In the conflict of these two rival factions, both of them negates the human characteristics: one strives to control the other, but the other is planning to replace the prior and take hold of the oppressing phenomenon. That is why Freire suggests the oppressed to pull out the oppressors from their subconscious. Unless the internally dissolved image of the oppression is not vanished the oppressed will continually maintain the oppression against them. Freire addresses both groups to resolve their contradictions in order to humanize themselves, and suggests that the oppressed have the task of liberating themselves and their oppressors.

Freire's political insight is mostly developed through the successive coercion of European colonizers at his country (Brazil) and all over the world, which corrupted the indigenous social, political and economic systems and rendered utmost contradictions in the native societies. In Pedagogy of the Oppressed Freire has transcended the analysis of oppression in a specific context and developed an argument that is helpful to understand oppression in a variety of contexts.

In the second chapter Freire denounces the foundations of the ideological and instrumental paradigms of the leading educational practices, which he names "the factory schooling". In this model, learners are objectified through through irrelevant curriculum, authoritarian attitudes of teachers, and the imposed time and space. This particular practices produces naive, obedient, silent, socially and politically illiterate citizens. According to Freire, the privileged "culture of silence" in the world is due to the confused and paradoxical messages of the academic and cultural institutions. Culture of silence guarantees support to the existing power structure.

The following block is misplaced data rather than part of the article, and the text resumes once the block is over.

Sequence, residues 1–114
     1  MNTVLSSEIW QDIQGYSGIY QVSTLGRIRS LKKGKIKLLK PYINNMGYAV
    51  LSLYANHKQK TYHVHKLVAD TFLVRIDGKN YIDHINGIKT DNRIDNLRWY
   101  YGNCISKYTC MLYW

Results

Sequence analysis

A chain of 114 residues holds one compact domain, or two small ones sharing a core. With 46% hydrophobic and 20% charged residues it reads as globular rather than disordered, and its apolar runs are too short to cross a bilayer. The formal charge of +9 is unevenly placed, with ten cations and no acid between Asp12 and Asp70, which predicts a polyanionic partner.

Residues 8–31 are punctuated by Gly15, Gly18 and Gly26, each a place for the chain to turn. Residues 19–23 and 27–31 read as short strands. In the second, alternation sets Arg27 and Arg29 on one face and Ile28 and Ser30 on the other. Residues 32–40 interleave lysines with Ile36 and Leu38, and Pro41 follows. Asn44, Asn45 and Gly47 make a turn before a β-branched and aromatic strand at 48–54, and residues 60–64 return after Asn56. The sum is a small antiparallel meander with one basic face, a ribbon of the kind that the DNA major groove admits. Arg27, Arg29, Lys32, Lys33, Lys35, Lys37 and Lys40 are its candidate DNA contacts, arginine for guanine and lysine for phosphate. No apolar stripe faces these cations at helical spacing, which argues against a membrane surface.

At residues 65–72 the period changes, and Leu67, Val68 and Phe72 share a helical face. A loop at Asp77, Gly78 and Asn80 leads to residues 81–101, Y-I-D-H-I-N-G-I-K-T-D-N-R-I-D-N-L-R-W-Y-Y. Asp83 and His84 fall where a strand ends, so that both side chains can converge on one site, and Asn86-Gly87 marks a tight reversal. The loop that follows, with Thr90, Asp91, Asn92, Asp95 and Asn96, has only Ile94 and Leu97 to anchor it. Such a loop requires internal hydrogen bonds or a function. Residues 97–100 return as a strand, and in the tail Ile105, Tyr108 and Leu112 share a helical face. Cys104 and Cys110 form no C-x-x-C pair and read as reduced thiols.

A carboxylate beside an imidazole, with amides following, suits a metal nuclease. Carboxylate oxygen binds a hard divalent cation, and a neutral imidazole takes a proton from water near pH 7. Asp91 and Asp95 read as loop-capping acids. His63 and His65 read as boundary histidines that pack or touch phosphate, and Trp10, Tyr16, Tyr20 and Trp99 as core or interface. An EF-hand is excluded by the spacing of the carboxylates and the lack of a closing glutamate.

He suggests problem-posing education through which the student can socialize their learning and experiences for the creation of a new society. He declares education as political act. Which according to him is like a double-edged sword, can be experienced as a humanizing and de-humanizing tool. Education does not mean only to describe the word. It as well is responsible in questioning how to read the world. If it does not cater the duty of questioning the prevailing social, political and economic realities it is something helping the oppression of the privileged minority. He believes in the praxis, a combination of action and reflection which leads towards emancipation.